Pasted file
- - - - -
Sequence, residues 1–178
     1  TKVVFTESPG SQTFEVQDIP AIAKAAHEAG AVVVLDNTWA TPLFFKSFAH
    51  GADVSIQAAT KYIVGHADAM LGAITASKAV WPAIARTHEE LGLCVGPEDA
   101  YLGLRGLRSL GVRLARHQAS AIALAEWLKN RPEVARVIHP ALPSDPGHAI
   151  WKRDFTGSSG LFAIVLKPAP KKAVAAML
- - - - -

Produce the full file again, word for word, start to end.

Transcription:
Sequence, residues 1–178
     1  TKVVFTESPG SQTFEVQDIP AIAKAAHEAG AVVVLDNTWA TPLFFKSFAH
    51  GADVSIQAAT KYIVGHADAM LGAITASKAV WPAIARTHEE LGLCVGPEDA
   101  YLGLRGLRSL GVRLARHQAS AIALAEWLKN RPEVARVIHP ALPSDPGHAI
   151  WKRDFTGSSG LFAIVLKPAP KKAVAAML